One pattern that is emerging from this and other studies is that HVR1 does not accumulate mutations rapidly in the chimpanzee even with high titers of HVR1 antibody (23). Previous reports that show rapid change of HVR1 over time have used infections that are initiated from quasispecies populations. We consider these to represent selected changes in the dominant sequence from the preexisting population as opposed to de novo mutations. The changes that were incorporated into HVR1 in the virus isolated from Ch1535 and Ch1536 did not appear to represent antibody escape mutants and, given the mutation rates in these two animals, substantially longer periods of time would be required to generate HVR1 regions that are no longer recognized by preexisting antibody. It has been previously suggested that the rate of HCV evolution in chimpanzees and humans is different (23) with weaker positive selection in chimpanzees. This may account for our observations, although other studies have shown higher rates of HCV substitution in chimpanzees (19, 29). These discrepancies using natural isolates in chimpanzees may be due to subtype differences or different levels of complexity. Infections in humans usually result from higher doses of HCV than the <200 infectious doses normally used in chimpanzee studies, which would therefore result in a greater variant population for subsequent selection.
It has been reported that there is a restricted pattern of amino acid replacement within HVR1 (20, 28), with some positions having little or no variation among all genotypes. The substitutions observed in Ch1535 and Ch1536 follow these previously identified patterns of constraint (28). In this study, we also showed very little sequence heterogeneity of the virus after more than 4 years of infection even in HVR1, which would suggest further that there is no causal relationship between HVR1 variation and HCV persistence.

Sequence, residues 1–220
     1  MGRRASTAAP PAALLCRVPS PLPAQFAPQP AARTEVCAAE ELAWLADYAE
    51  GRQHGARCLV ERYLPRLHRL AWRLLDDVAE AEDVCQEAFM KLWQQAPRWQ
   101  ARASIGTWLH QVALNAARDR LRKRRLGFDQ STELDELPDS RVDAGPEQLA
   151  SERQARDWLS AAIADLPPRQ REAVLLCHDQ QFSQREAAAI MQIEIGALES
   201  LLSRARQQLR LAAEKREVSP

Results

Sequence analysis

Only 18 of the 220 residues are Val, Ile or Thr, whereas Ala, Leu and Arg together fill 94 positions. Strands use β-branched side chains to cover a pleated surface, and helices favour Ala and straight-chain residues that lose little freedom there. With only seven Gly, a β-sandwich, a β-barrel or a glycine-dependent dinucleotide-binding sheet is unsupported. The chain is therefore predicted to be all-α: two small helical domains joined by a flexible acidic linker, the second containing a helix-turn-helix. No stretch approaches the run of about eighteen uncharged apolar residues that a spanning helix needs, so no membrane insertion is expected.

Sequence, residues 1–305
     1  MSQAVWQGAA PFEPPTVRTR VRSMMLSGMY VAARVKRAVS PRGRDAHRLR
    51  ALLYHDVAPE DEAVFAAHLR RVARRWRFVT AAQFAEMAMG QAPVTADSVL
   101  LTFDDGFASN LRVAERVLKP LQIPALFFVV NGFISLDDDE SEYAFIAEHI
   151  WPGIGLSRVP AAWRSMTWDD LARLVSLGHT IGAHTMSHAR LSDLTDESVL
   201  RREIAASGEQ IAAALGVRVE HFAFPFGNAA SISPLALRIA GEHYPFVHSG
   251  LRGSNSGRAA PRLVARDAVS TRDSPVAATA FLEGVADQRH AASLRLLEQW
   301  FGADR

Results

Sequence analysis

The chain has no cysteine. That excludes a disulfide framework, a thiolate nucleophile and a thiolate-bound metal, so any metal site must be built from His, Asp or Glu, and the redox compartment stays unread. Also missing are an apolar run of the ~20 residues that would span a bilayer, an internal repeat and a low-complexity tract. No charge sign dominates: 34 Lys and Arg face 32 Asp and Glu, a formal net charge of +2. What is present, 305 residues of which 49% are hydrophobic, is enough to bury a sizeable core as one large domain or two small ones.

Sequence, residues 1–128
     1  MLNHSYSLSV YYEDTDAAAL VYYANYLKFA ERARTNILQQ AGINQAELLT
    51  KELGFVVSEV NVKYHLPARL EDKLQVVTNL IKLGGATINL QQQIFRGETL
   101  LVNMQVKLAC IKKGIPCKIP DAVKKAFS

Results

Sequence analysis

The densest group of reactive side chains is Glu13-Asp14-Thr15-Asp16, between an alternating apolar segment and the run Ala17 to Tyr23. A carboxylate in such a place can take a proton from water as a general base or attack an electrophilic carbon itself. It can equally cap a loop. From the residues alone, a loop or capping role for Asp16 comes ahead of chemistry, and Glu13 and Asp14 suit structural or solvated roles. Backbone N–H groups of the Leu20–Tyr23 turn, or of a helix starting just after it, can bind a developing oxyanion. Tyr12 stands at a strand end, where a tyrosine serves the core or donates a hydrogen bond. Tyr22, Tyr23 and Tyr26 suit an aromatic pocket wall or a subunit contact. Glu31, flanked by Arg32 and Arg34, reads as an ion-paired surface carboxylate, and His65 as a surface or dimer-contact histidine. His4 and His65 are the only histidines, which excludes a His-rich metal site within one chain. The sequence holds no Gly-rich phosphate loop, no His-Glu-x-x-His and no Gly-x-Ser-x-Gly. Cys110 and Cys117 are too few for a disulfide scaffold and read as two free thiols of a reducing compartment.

The comparisons between synonymous and nonsynonymous mutations at different stages of disease have shown that the early mutations arising immediately after control of virus replication during the acute phase are 100% nonsynonymous. This result would suggest that the greatest level of immune pressure occurs during this early phase. Analysis of the viral kinetics in these two animals indicates that significant control of viral replication occurs at weeks 10 to 15; this period coincides with ALT elevations and seroconversion, indicators of induction of the adaptive immune response. As the period of persistence increases, the calculated dN/dS ratio becomes <1 for Ch1535 while remaining higher for Ch1536. This again suggests that there is less immune pressure occurring later during the chronic phase of Ch1535. The difference in dN/dS for Ch1535 and Ch1536 could be due to a slightly higher level of replication in Ch1535 (titers are approximately 0.5 log unit higher), which would allow for the introduction of a greater number of random mutations. Alternatively, the replication rate in Ch1536 may be lower due to a relatively stronger immune response, which would in turn result in more nonsynonymous mutations due to selective pressure. This increase in synonymous mutations in Ch1535 was observed at week 130 p.i. after an increase in viral replication of almost 2 log units (Fig. (Fig.1A).1A). This event would argue for a reduced or less effective immune response in this animal that allowed higher levels of viral replication and in turn led to a higher incorporation of random mutations.
Previous studies that have examined molecular evolution of HCV have begun with natural isolates consisting of a quasispecies population. Shifts in sequence due to mutations cannot be differentiated from shifts in virus populations. It is possible in any system that amino acid-changing substitutions can occur by chance and confer no selective advantage or disadvantage to the virus. Using infectious clones, the functional significance of mutations can be more accurately studied. Such analyses are currently being addressed using recently developed in vitro systems such as retrovirus pseudotypes (12) or subgenomic HCV replicons (2).
A steady-state level of virus titers in any persistent infection suggests that virus is being produced and cleared at the same rate, suggesting that some immune response is occurring in these chimpanzees during the chronic phase to suppress the virus, albeit less than that occurring during the acute phase. This may be at the T-cell level and/or due to neutralizing antibody production. The substitution data presented in this study support this hypothesis, and exploitation of these immune responses may be the key to combating persistent infections of HCV.
We thank Phil Snoy, Kamela Evans-Davis, and Ray Olsen for invaluable veterinary services and Michael Klutch for assistance with automated sequencing.
These studies were supported in part by internal FDA funds, a grant from the National Vaccine Program Office, and a grant from the National Cancer Institute (CA85883).